True, the small increase of 56,000 in nonfarm payrolls in September hardly marks a decisive break of the seven-month downtrend -- the missing piece of the puzzle in the otherwise consistent pattern of accelerating U.S. output growth. But the swing into positive territory has decisively changed the outlook for the coming months.
BEYOND EXPECTATIONS. With payrolls now growing again, and data for the factory sector finally showing an unambiguous pattern of accelerating growth, the burden of proof is shifting toward the naysayers -- the economists who maintain their forecasts of ongoing labor market sluggishness.
To be clear, the nonfarm payroll gain in September is hardly statistically significant, though the upward revision to the August data left the employment figures roughly 100,000 stronger than the market was expecting. And it would have been nice to see a rise in the workweek from the anemic level of 33.7 hours worked in August, which itself is only slightly above the 33.6 cyclical low in July. Hours worked actually contracted at a 0.9% rate in the third quarter overall, despite the huge 6% growth rate we at MMS expect for inflation-adjusted gross domestic product for the period.
Indeed, this suggests that rapid productivity growth for the labor market is actually worsening -- leaving a stellar nonfarm productivity growth rate of 7.2% in the third quarter that will exceed the second quarter's eye-popping 6.8%.
WORKING OVERTIME. The data from the establishment (i.e., factory, mine, store, or office) survey the Bureau of Labor Statistics conducts remain in stark contrast to the extraordinary strength evident in the U.S. statistics for aggregate demand that the Commerce Dept. releases. What's behind the discrepancy? The explanation is somewhat limited to the New Economy theories that have been associated with the productivity renaissance that began in the late 1990s.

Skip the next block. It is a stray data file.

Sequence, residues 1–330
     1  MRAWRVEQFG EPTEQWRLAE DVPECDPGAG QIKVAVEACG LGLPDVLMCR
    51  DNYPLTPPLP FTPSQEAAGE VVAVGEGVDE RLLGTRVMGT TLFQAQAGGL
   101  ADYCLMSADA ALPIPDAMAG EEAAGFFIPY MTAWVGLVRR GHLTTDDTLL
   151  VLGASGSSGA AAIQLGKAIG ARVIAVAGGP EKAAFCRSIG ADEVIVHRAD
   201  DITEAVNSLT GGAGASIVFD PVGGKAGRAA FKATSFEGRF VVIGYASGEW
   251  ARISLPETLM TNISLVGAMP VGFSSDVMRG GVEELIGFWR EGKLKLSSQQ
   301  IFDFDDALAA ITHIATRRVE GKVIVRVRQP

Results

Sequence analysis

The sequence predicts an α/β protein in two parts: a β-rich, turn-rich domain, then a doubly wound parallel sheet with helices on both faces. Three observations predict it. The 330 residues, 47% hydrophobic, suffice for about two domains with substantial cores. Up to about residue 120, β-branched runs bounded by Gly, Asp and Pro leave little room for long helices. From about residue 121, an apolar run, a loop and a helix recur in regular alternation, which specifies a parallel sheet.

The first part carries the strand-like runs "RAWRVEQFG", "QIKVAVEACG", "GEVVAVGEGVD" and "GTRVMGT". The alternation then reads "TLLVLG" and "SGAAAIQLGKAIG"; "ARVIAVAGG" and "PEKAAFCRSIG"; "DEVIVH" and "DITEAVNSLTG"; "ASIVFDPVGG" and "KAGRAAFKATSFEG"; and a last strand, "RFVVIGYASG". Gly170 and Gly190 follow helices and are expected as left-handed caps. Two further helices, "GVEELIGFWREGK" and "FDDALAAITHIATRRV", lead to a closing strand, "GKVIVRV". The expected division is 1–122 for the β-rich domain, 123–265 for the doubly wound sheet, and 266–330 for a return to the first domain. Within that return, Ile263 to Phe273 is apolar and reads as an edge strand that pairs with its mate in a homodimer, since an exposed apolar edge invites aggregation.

Some economists held out hope that an upward revision in payroll statistics for the past several months would help close the gap between extraordinary output growth and the sluggish labor market data from the establishment survey. But the BLS's announcement that the next payroll benchmark will likely leave a net downward revision of approximately 145,000 in the March, 2003, level of payrolls, rather than the 600,000 upward revisions expected by many, means those annoying New Economy theories will remain in play for now. In fact, the gap is not likely to be meaningfully closed by revisions in the foreseeable future.
However, the factory data in the report did suggest that the gap will at least now start to be closed with accelerating job creation and hours worked, bringing the unusually long delay in the cyclical turning point for the labor market to an end for this cycle. The rate of decline in factory employment moderated to 29,000 in September, the smallest drop in this sector since July, 2002. The workweek for the factory sector rose by 0.2 hours, to 40.4, while overtime hours rose by the same amount, to 4.2. The gains were widespread across the sector, though the auto industry bounce-back from the blackout-distorted August production pace led the charge.
PLEASANT SURPRISE? Given this firm rebound, combined with other factory data indicating accelerating order and shipment activity and plummeting inventories relative to sales, it appears the best guess for the future is that the factory sector is poised for a solid run of accelerating activity necessary for output to keep pace with sales.
We at MMS International are more comfortable projecting monthly payroll gains of 50,000 to 100,000 through the remaining months of 2003, with bigger gains of 150,000 to 200,000 in 2004. This translates to a moderation in productivity growth to 4% in the fourth quarter and 3% in 2004 overall, as should be expected as the expansion matures.
The bottom line: Unless GDP unexpectedly slows sharply, it appears that payroll growth has returned to the positive side of the ledger. A big pop in at least one of the months of final quarter of the year is even possible. Englund is chief economist for MMS International